Once again, showing up for myself and creating my own work opened up more doors. I got some television and radio spots, and these were the same spots I secretly wanted to covet from my college classmates. Instead of being jealous, I was now being positive, proactive, and joining the party. I scored another more lucrative talking head gig, and entertained people all over the world. I also began to dabble in modelling and music. In that time, I also returned to acting and made a horror movie, something I have always wanted to do. So far, Death of a Dummy is in several festivals in Europe. I had always feared I would be nothing more than a niche performer, and there I was acting.

Publishing my book also opened up the doors with my writing. I was asked to submit pieces to The Huffington Post, xoJane, Elite Daily, The Good Men Project, and many others. Not to mention my book and other writings have been front and center on several television show proposals. While none have come to fruition quite yet, I had a way in that many others did not.

I will admit this past year I became complacent and lazy. Some of it was opportunities had come my way as a result of my door building, and I didn’t feel the need to do much else except wait. Yet the waiting made me sicker than anything in the world. I obsessed, agonized, and made myself ill. I spent time over the toilet, and then depressed in bed. I felt powerless and no longer able to control my destiny. Around the end of March, I felt like throwing in the towel again. That is when I knew I had to take action.

I had always wanted to film a DVD. So the opportunity came to film it at the Metropolitan Room. I had also dreamed of headlining a theatre. So the weekend before Memorial Day, I booked two days. Lastly, I wanted a book signing in NYC, and it had been postponed because of Sandy. I booked that at Don’t Tell Mama. The taping was a success, and now Broke and Semi-Famous has not only sold overseas but now sells online. The headlining has put me in a whole new level of comedy, and now I am looking to headline more theatres. The book signing was also a success, and my coworkers from the telegram company performed. Each shined, and my boss was the biggest star of all.

My events were also featured in publications that previously snubbed me. Others who did not know my name now knew who I was. I walked into venues Liza Minelli and Joan Rivers stop into for fun as a paid headliner, and it was all because I took control of my own destiny. What’s more, is now I am beginning to grow into some of the roles I am good for. Directors are scouting me, and are looking at my resume mightily impressed. While I have not booked the roles yet, they are amazed at the level of experience I have.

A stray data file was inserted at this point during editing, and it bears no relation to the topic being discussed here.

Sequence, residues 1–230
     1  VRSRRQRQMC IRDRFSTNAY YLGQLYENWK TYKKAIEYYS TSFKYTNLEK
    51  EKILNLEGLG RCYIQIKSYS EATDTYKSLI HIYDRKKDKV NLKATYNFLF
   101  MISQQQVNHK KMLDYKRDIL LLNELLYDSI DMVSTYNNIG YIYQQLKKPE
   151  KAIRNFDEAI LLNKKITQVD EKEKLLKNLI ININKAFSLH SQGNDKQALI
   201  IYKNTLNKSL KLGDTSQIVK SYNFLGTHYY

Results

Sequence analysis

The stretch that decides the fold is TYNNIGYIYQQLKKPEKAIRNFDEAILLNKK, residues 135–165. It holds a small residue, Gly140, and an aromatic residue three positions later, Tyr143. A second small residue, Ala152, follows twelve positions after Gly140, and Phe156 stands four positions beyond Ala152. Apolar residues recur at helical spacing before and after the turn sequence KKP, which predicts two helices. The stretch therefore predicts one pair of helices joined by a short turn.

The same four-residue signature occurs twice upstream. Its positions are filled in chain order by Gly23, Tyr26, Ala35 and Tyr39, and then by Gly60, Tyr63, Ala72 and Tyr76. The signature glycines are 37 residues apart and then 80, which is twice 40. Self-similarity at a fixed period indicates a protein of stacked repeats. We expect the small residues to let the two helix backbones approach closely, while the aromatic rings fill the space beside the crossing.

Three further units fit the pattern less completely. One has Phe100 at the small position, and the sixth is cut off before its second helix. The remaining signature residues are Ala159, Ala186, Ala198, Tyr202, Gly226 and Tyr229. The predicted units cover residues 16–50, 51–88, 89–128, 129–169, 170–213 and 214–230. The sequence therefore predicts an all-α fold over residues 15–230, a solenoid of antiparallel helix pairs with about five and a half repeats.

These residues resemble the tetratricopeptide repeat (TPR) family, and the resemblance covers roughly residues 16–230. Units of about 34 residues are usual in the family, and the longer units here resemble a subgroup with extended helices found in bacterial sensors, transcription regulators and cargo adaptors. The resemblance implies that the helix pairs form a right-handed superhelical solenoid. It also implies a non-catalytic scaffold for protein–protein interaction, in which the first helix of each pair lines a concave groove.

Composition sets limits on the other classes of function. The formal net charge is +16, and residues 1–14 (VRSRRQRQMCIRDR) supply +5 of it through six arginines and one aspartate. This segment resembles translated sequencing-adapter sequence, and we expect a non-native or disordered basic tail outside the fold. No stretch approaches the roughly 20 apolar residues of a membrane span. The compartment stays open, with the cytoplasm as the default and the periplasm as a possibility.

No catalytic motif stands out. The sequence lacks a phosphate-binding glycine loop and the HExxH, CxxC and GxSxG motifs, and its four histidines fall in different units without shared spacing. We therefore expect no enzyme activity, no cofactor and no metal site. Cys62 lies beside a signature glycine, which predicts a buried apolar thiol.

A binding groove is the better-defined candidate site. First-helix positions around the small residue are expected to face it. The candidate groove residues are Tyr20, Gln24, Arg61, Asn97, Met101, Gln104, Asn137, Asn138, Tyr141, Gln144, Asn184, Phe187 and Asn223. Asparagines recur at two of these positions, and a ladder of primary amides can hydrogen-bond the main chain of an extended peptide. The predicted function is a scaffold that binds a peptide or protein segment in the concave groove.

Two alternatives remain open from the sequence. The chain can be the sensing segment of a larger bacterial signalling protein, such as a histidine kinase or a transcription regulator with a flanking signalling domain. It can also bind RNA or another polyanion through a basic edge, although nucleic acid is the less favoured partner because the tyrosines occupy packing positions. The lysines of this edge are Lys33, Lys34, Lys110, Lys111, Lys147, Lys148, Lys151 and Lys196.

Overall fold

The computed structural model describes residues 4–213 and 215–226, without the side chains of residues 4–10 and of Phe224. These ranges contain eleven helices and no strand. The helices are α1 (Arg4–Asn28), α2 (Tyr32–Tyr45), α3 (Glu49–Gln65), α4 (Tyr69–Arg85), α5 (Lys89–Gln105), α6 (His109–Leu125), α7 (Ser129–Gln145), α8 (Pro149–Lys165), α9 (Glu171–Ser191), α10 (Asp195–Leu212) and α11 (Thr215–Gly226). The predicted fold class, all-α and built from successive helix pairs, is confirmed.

That lends itself to my next point. Being an artist who creates her own work has made me better on projects where I am not in the drivers seat. I respect the script in a way I never had, because I know first hand the writer wrote those words for a reason. After all, I picked the words and sentences in my book with great care, right?  I make sure to show up on a timely manner, lines memorized, to save time and money. It also shows my fellow do it yourself creator that I respect their project, and I truly do because I know how hard they worked. I say please and thank you. I take direction well, and try my damnest to do it right on the first try. Again, having been on the other side I know how important these things are. I know the people on the other side of the audition table are on my side, they have a deadline and want you to be the one. I also know editors want positive and fun content, things that are solution oriented. Oh and spell check please.  So basically, this has made me not just a better artist but a better person. 

This summer has been rewarding and good on so many levels, both personally and workwise. Creating my own events nearly killed me, but those who didn’t know about my book did. Those who didn’t know what the telegram company did now are aware we exist. My fans now have a way to watch me via DVD and online. A few weeks ago I was accidentally the poster girl for EBay online. I also booked the other opportunities through my self-starting that were amazing. Yes, my work load was exhausting, but I enjoyed every second of it. It paid off artistically and financially, because this summer the rent paid itself doing what I loved most, making others smile.

My career ebbs and flows, and August is an ebb. While I caught some good news on a puppet project I did this summer, the phone has not been ringing as much. There have been emails informing me that I am under consideration for various projects and they will let me know soon. In a way it is kind they are considering me, yet it is somewhat of a cocktease. Either tell me yes or no. The pit forms in my stomach and I want to vomit all over again. When will this vicious cycle end?

That is when I begin to plan the next group of things I will self-create. For one, there is another book in the works. I am also guiding my own mother as she writes her book on infant swimming. Additionally, I am writing a musical based on my book, and am working with a Julliard trained composer. Add in a photo shoot for my calendar, and a new music video and song premiering. Not to mention I want to film another DVD, this time for children.

So whatever happens next is unknown, and the unknown is scary. Whatever those in charge do is out of my control. However, I will continue to build my own doors. As they open, the rooms they reveal are well beyond my wildest dreams and imagination. Good luck catching up, because so far no one can stop me. 

Check out my book I Came, I Saw, I Sang on Amazon and Barnes and Noble
Check out my DVD Broke and Semi Famous on EBay and